4.8 Knowledge and the Logic of Local Propositions

by Kai Engelhardt, Ron van der Meyden, and Yoram Moses. (In Itzhak Gilboa, editor, Theoretical Aspects of Rationality and Knowledge, Proceedings of the Seventh Conference (TARK 1998), pages 29–41, Morgan Kaufmann, July 1998.)

An agent’s limited view of the state of a distributed system may render globally different situations indistinguishable. A proposition is local for this agent whenever his view suffices to decide this proposition. Motivated by a framework for the development of distributed programs from knowledge-based specifications, we introduce a modal logic of local propositions, in which it is possible to quantify over such propositions. We show that this logic is able to represent a rich set of epistemic notions. Under the usual strong semantics, this logic is not recursively axiomatizable, however. We show that by weakening the semantics of quantification, it is possible to obtain a logic that is axiomatizable and is still able to express interesting epistemic notions.

Download a version of this paper similar to the published one. (gnuzipped PostScript, 84kB)

4.9 Simulation of Specification Statements in Hoare Logic

by Kai Engelhardt and Willem-Paul de Roever. (In Wojciech Penczek and Andrzej Szalas, editors, Mathematical Foundations of Computer Science 1996, 21st International Symposium, MFCS ’96, Cracow, Poland, Proceedings, volume 1113 of LNCS, pages 324-335. ©Springer-Verlag, September 1996.)

Data refinement is a powerful technique to derive implementations in terms of low-level data structures like bytes from specification in terms of high-level data structures like queues. The higher level operations need not be coded as ordinary programs; it is more convenient to introduce specification statements to the programming language and use them instead of actual code. Specification statements represent the maximal program satisfying a given Hoare-triple. Sound and (relatively) complete simulation techniques allow for proving data refinement by local arguments. A major challenge for simulation consists of expressing the weakest lower level specification simulating a given higher level specification w.r.t. a given relation between these two levels of abstraction. We present solutions to this challenge for upward and downward simulation in both partial and total correctness frameworks, thus reducing the task of proving data refinement to proving validity of certain Hoare-triples.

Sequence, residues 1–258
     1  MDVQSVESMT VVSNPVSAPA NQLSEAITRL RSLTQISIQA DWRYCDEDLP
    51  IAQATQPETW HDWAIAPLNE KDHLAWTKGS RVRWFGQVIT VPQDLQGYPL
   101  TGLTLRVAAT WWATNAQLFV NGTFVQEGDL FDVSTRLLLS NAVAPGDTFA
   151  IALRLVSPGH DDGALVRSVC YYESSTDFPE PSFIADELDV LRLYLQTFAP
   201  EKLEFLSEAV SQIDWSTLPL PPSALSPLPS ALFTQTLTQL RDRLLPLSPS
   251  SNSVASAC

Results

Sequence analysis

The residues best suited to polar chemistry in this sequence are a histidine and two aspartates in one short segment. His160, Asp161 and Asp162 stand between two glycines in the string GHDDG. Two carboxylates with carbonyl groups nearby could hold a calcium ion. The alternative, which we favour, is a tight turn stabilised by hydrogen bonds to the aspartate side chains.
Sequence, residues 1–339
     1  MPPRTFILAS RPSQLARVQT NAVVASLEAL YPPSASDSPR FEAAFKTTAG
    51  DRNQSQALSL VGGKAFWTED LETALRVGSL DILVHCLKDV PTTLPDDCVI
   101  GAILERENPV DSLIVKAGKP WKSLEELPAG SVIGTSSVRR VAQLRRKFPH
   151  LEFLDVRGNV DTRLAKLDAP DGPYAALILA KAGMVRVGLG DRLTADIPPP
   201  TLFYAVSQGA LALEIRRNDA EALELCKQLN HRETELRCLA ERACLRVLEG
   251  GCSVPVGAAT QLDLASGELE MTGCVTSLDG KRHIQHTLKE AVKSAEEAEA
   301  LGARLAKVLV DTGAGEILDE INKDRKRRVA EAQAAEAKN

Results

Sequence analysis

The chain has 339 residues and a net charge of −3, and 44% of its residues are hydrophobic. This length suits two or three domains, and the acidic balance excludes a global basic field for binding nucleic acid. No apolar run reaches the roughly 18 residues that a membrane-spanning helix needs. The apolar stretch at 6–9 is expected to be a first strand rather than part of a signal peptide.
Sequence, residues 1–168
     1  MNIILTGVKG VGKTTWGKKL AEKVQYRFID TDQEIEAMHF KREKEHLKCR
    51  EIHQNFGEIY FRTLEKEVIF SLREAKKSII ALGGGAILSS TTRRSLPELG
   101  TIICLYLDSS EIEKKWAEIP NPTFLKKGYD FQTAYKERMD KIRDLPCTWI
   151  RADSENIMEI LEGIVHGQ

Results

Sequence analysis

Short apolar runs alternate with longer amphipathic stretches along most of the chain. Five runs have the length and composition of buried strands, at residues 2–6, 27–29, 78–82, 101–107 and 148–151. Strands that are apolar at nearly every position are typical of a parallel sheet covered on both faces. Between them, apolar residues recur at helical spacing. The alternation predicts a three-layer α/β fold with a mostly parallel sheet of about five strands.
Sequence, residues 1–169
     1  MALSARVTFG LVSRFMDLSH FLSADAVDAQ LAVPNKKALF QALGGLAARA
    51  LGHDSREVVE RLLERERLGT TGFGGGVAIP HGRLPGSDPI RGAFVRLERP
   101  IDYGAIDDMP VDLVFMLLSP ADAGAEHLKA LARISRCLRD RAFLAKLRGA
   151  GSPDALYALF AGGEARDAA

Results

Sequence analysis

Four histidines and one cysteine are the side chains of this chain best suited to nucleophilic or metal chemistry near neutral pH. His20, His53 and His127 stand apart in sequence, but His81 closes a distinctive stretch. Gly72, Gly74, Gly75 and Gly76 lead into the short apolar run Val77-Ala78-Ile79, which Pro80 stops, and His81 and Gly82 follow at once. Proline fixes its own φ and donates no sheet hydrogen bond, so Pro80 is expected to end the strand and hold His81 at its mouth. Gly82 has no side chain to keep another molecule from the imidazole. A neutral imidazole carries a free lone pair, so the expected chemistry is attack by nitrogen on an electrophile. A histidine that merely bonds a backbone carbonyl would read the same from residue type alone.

Download a version of this paper similar to the published one. (gnuzipped PostScript, 46kB)

4.10 Generalizing Abadi & Lamport’s Method to Solve a Problem Posed by A. Pnueli

by Kai Engelhardt and Willem-Paul de Roever (In Jim C.P. Woodcock and Peter Gorm Larsen, editors, FME ’93: Industrial-Strength Formal Methods, volume 670 of LNCS, pages 294-313, ©Springer-Verlag, April 1993.)

By adding a new technique and a simple proof strategy to Abadi & Lamport’s 1988 method [AL88] for proving refinement between specifications of distributed programs correct, the inherent limitation of their method, occurring when the abstract level of specification features so-called infinite invisible nondeterminism or internal discontinuity, can be sometimes overcome. This technique is applied to the cruel last step of a three step correctness proof for an algorithm for communication between migrating processes within a finite network due to Kleinman, Moscowitz, Pnueli, & Shapiro [KMPS91].

Download a version of this paper similar to the published one. (gnuzipped PostScript, 85kB)

Recommendation: Get 3.3 instead.

5 Invited Talk(s)

5.1 Towards a Refinement Theory that Supports Reasoning about Knowledge and Time for Multiple Agents (Work in Progress)

by Kai Engelhardt. (In John Derrick, Eerke Boiten, Jim Woodcock, and Joakim von Wright, organisers, REFINE ’02 — An FME sponsored Refinement Workshop in collaboration with BCS FACS, 23 pages, 20–21 July 2002 in Copenhagen, Denmark, 2002. This workshop was part of FME 2002 at the Third Federated Logic Conference FLoC ’02, Copenhagen, Denmark.)

We report on some progress made in a project that has as its main goal to devise a distributed system refinement calculus with an assertion language that can express epistemic as well as temporal notions.

6 Refereed Workshop Papers

6.1 Modal Logics with a Linear Hierarchy of Local Propositional Quantifiers

by Kai Engelhardt, Ron van der Meyden, and Kaile Su. (Presented at Advances in Modal Logic 2002 — AiML 2002, September 30 – October 2, 2002, Institut de recherche en informatique de Toulouse Université Paul Sabatier, Toulouse, France)